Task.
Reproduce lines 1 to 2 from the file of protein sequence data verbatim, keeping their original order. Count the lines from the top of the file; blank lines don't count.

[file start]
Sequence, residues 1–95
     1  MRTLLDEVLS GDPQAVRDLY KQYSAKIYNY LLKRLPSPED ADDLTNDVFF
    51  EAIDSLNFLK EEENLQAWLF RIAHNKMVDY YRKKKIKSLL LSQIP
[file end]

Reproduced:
Sequence, residues 1–95
     1  MRTLLDEVLS GDPQAVRDLY KQYSAKIYNY LLKRLPSPED ADDLTNDVFF